Pathfinder Player Companion: Pathfinder Society Primer (PFRPG)

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Pathfinder Player Companion: Pathfinder Society Primer (PFRPG)
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Grab your wayfinder and embark on incredible missions with Pathfinder Player Companion: Pathfinder Society Primer! This volume contains everything you need to join the illustrious Pathfinder Society and start on the road to becoming one of Golarion’s finest adventurers, explorers, and chroniclers. Tips and tricks from hardened Pathfinder veterans accompany the latest tools and gear used by Pathfinders in the field to create a priceless resource for the aspiring field agent. New spells, weapons, and magic items also assure that your latest risky mission isn’t your last. If you measure up to the challenge, you might even prove worthy of having your story published in the legendary Pathfinder Chronicles!

In addition to being useful for your home game, all of the rules in this book are legal for use in the official Pathfinder Society Organized Play worldwide campaign. Inside this book, you’ll find:

  • Advice and tools for making the most out of your field agent, including new feats, spells, and traits to establish your Pathfinder as an adventurer worthy of the title.
  • A detailed look at the three branches of the Pathfinder Society—the Swords, the Scrolls, and the Spells—as well as the types of Pathfinders who flock to these sects.
  • A new prestige class for Pathfinder field agents, versatile adventurers trained to handle all types of situations with their wide variety of potent skills and abilities.
  • New variant wayfinders and other useful magic items Pathfinders can employ in the field.
  • New ioun stones—legendary magic gems that fit into a Pathfinder’s wayfinder and grant significant powers—as well as flawed and cracked varieties of each.
  • Details on various volumes of the Pathfinder Chronicles, new vanities for Pathfinder Society Organized Play, and information on joining this ongoing worldwide campaign.

This Pathfinder Player Companion is intended for use with the Pathfinder Roleplaying Game and the Pathfinder campaign setting, but can easily be incorporated into any fantasy world.

Written by John Compton & Mark Moreland.
Cover Art by Taylor Fischer.

Each monthly 32-page Pathfinder Player Companion contains several player-focused articles exploring the volume’s theme as well as short articles with innovative new rules for all types of characters, as well as traits to better anchor the player to the campaign.

ISBN-13: 978-1-60125-534-1

Note: This product is part of the Pathfinder Player Companion Subscription.

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2.70/5 (based on 10 ratings)

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Some good stuff, but something of a rehash

3/5

Read my full review on Of Dice and Pen.

The Pathfinder Society Primer is a bit of a dry read, but it does a good job of providing a player-centric overview of the society and how to create characters who are members of the society. As with other Player Companion books on types or groups of characters (like Knights of the Inner Sea or Pirates of the Inner Sea), it’s not vital for players to have the book in order to create such characters, but those who do will find some benefit from it. Perhaps the best aspect of the Primer is that it provides player-specific information in one place rather than mixing it in with GM material, like in Seekers of Secrets and the Pathfinder Society Field Guide.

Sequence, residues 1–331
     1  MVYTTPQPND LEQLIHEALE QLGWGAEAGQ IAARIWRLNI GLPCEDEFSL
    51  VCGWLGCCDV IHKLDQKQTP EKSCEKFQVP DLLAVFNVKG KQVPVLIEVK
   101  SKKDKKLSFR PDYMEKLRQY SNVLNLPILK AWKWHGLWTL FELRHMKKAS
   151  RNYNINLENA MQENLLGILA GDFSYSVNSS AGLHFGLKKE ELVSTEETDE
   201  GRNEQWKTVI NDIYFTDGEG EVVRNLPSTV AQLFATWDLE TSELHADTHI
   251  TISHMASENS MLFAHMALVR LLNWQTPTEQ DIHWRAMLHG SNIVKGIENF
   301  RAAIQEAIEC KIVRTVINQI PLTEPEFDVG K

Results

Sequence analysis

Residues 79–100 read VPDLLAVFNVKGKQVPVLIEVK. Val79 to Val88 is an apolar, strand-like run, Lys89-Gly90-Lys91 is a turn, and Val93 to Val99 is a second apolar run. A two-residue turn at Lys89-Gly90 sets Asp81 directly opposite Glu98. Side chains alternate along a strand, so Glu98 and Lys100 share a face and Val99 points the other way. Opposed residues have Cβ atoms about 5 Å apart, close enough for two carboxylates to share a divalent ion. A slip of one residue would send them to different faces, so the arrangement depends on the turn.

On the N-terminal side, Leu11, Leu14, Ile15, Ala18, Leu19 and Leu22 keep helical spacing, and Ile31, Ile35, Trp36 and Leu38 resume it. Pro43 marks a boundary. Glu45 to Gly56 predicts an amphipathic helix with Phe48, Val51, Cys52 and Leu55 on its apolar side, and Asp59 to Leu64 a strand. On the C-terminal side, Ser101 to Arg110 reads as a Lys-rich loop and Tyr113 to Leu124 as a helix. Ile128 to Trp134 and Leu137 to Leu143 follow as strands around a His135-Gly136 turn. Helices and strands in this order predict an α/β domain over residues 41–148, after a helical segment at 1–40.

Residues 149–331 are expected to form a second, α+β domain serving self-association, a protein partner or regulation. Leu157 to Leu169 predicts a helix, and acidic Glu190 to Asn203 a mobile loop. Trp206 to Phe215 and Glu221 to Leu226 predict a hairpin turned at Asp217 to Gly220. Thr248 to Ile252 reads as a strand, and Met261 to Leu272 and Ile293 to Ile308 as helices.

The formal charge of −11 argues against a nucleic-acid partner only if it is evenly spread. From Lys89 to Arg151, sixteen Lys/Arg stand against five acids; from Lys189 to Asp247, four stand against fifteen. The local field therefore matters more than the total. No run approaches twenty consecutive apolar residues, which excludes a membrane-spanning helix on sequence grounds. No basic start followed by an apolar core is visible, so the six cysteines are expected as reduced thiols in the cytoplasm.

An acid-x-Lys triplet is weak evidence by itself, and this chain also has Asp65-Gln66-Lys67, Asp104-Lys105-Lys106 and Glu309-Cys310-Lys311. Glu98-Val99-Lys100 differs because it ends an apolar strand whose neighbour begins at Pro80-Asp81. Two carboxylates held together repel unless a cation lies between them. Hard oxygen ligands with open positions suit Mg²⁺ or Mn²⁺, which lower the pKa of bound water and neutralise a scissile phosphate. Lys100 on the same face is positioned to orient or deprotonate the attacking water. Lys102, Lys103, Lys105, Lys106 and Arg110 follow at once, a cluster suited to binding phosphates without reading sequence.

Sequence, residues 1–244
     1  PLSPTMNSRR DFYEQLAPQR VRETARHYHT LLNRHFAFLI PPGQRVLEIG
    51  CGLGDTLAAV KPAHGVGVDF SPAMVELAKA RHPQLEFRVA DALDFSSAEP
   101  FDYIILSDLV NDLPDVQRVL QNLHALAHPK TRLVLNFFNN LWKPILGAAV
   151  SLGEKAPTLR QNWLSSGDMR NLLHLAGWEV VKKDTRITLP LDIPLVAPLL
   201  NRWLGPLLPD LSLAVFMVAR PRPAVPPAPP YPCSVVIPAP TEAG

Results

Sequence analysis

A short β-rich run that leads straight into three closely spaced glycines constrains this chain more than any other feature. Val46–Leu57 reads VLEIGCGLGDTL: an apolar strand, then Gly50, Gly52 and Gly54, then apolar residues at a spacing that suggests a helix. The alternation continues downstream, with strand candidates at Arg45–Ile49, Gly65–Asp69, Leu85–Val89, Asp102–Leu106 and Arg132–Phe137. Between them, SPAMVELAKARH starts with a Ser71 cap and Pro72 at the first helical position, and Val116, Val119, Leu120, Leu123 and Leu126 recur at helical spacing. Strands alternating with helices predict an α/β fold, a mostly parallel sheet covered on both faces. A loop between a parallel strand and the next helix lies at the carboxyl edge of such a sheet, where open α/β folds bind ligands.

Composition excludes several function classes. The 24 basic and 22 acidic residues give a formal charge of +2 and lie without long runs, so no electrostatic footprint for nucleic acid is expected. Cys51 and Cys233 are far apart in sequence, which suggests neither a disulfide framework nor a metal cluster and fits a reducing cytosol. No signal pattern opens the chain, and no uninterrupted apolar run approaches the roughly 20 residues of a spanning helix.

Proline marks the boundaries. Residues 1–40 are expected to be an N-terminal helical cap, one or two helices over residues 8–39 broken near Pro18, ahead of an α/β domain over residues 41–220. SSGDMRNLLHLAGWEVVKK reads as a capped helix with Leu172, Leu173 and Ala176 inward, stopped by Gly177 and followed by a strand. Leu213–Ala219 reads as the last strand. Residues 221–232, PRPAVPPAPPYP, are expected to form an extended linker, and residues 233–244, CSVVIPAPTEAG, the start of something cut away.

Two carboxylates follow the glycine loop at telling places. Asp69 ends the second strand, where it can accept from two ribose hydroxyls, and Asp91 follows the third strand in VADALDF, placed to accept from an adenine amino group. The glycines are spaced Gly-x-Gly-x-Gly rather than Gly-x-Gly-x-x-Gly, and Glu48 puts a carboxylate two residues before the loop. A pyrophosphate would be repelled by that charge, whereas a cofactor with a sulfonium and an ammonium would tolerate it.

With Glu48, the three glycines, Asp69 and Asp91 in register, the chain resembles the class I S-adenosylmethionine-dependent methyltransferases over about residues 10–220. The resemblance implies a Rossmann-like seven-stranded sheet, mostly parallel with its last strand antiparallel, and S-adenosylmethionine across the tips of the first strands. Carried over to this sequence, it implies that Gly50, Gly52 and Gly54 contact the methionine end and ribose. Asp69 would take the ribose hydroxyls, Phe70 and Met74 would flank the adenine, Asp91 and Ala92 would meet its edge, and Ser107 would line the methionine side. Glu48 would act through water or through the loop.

Society Primer Quick Review

2/5

This review is coming from a long-time PFS player, who was maybe hoping this book would be as good or better than the last two PFS-centric books before it: Pathfinder Society Field Guide and Seeker of Secrets.

What is in the book:

Front Inside Cover: Map of the Inner Sea region with all the Pathfinder Lodges marked, and whether they are active or not. I love this map, presents something I have always wondered and makes me want to know more about each lodge. Sadly, the book only ever expands on 6 lodges specifically in the book later.

Two-Page Spread: This is where those 6 lodges are expanded upon. Not bad, but I was really hoping for more. Wanted a bit more info on how the VCs got to their station, or more lodge back story.

Back Inside Cover: This seems totally out of place for this book. Methods of travel as a full-page spread? Who doesn't know this stuff? There are only two that are related to the PFS anyway.

Welcome to the Pathfinder Society: Neat information on these pages, but nothing that is not covered in the previous two books. Rehash.

Building a Pathfinder: Some interesting tidbits about generating a Pathfinder... but no crunch to go with the fluff. I actually think the Shattered Star Player's Guide is a better resource for how to build a Pathfinder, with some traits and such to go with it. the item kits here are not new. The sidebar here is allright, but generic.

Joining the Pathfinder Society: Allright! Finally something new! Here we talk about the two main ways to join the society, and with some crunch to go along with it. Sadly, the feats presented here I would never personally take, as they seem quite niche or lowpowered. Still, some flavor characters may benefit.